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Unsung heroes of the pandemic: The UW custodial workers

Facing the risks to ensure the safety of students

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custodial workers

I’ve been thinking about what it means to be an unsung hero during the time of COVID-19. I believe the unsung heroes during this pandemic are those who play critical roles in the fight against COVID-19, making the community safer for others while jeopardizing their own health by increasing their chances of catching the virus. 

But have you ever considered the UW’s custodial staff as such heroes? 

When students prepared to return to campus for blended schedules of in-person but mostly online classes for winter quarter, the custodial staff made many behind-the-scenes efforts to ensure everyone’s safety and health. 

All public areas on campus are cleaned daily. The UW Housing & Food Services (HFS) works closely with the UW environmental health and safety (EHS) department and other cleaning organizations to make sure they are effectively keeping everything clean to mitigate the spread of COVID-19, according to an email from assistant director of custodial services Kate Flowers. 

EHS also has procedures that HFS follows and implements, according to David Rey, communications and marketing manager of HFS. 

Custodians follow an organized schedule and have a list of tasks that they must commit to memory in order to keep the dorms and public spaces as clean as possible. 

“Generally, when a custodian goes to clean a room, they start from the top, getting any dust out of lighting fixtures, and then work their way down, cleaning surfaces to the floor, and then mopping or vacuuming,” Flowers said in an email. “The final step when touching every surface in the room is disinfecting. They spray directly onto surfaces or onto a cloth and then apply to the surface to keep it wet.”  

Flowers said that due to COVID-19, the custodians were given a longer period of time for cleaning so that they didn’t feel rushed and were able to focus on the details. They also have to wear cloth face coverings and are provided with surgical masks. They wear gloves at all times, and the entire area they’re cleaning is closed off so that custodians are unable to interact with the students.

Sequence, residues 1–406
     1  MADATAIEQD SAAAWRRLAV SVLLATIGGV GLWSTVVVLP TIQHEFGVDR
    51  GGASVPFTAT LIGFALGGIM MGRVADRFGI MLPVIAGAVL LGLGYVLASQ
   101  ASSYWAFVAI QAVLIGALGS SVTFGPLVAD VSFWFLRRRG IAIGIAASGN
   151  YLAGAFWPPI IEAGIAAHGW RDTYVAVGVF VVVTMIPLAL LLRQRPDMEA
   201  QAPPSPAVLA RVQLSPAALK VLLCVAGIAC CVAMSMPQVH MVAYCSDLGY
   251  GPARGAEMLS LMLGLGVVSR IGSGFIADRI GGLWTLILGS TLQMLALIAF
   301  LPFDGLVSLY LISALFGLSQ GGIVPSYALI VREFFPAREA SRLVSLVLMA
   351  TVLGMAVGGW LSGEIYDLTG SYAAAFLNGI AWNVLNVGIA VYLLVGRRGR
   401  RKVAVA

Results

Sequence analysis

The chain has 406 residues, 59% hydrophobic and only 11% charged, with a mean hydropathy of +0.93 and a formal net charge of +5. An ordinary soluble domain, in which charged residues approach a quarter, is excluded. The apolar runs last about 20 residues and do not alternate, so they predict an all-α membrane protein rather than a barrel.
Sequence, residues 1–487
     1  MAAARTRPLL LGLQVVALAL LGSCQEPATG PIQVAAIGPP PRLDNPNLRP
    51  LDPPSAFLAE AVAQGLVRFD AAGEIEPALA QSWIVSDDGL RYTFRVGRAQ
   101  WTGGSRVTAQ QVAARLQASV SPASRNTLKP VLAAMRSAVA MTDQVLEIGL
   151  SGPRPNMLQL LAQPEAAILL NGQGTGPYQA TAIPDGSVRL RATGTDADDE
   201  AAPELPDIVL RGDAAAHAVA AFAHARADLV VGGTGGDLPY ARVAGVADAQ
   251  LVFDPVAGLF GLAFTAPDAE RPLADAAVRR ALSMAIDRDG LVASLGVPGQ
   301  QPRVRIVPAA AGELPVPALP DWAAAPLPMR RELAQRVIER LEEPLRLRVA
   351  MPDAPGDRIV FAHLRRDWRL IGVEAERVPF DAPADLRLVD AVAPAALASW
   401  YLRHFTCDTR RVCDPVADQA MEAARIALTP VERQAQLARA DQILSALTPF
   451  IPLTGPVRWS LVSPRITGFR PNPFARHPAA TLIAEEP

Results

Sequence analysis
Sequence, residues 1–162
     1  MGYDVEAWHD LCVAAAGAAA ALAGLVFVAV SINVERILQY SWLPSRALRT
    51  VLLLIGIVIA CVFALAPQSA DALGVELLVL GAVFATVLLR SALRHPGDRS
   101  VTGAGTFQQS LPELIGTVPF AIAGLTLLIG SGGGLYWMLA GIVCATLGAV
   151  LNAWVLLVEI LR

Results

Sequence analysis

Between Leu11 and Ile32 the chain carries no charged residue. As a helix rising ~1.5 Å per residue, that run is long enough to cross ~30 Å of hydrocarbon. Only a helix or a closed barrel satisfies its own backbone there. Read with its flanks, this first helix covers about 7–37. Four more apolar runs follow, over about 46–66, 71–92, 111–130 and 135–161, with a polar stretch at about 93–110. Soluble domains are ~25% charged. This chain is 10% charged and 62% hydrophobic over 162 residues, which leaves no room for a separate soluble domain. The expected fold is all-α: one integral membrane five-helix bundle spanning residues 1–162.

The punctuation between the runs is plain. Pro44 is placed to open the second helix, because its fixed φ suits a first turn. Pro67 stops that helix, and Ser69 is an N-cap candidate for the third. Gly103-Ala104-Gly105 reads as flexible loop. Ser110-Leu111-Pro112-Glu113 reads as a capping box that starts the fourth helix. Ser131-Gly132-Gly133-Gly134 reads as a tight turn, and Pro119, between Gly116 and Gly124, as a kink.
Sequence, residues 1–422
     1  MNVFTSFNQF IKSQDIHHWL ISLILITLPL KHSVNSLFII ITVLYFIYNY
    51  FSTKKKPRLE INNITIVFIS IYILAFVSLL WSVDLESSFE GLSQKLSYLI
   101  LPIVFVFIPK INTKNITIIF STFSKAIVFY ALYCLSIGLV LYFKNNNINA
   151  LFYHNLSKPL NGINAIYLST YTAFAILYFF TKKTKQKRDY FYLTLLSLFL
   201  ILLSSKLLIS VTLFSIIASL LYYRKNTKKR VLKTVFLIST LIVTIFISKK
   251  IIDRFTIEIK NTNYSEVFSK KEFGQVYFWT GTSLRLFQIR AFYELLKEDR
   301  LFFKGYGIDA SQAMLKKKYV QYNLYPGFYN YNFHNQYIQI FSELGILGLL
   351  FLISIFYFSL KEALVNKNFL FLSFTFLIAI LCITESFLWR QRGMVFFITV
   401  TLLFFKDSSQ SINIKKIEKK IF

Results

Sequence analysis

In addition to this labor, Flowers described other problems the custodial staff faces during the pandemic.

“For custodial staff, one of the hardest things in the pandemic has been that their work life has not changed as much as some other workers,” Flowers said. “They need to come to work, care for their family members, and arrange cost-effective transportation to arrive on campus.” 

Flowers agrees that custodial work is quite heroic during such times. 

“We could not be open if custodians weren’t here,” Flowers said. “And, it isn’t just the cleaning. The custodians show care and dedication because they understand that their work is actively caring for students, keeping students healthy and in classes.” 

Students have expressed appreciation for the work that the custodial staff does. 

“They are super nice, and also pretty funny,” Abbey Moore, a UW freshman residing in Elm Hall, said in an instant message. “I typically see them around 8:30 and earlier, in the morning. They sanitize the doors and door handles thoroughly to the point I almost feel guilty touching them when going out to run.”

While limited, there are also positive student-custodian interactions on campus. 

“There’s a lady who works at Local Point; I think she’s custodial staff, as she wipes up tables and such,” Moore said. “But she always tells us what meal for dinner is going to be best, and is so cheerful and passionate. She has literally made my day during stressful times.” 

Custodians have long cleaned classrooms inside and out — performing an unenviable feat of keeping buildings looking less like thousands of students are scattering through them. But in the midst of the COVID-19 pandemic, with elevated attention to cleanliness for the sake of safety and health, UW students are starting to see the janitorial teams in a new light. 

Unsung heroes, perhaps? I’ll let you decide. 

Reach writer Amina Khan at Twitter: @AminaKh27269580

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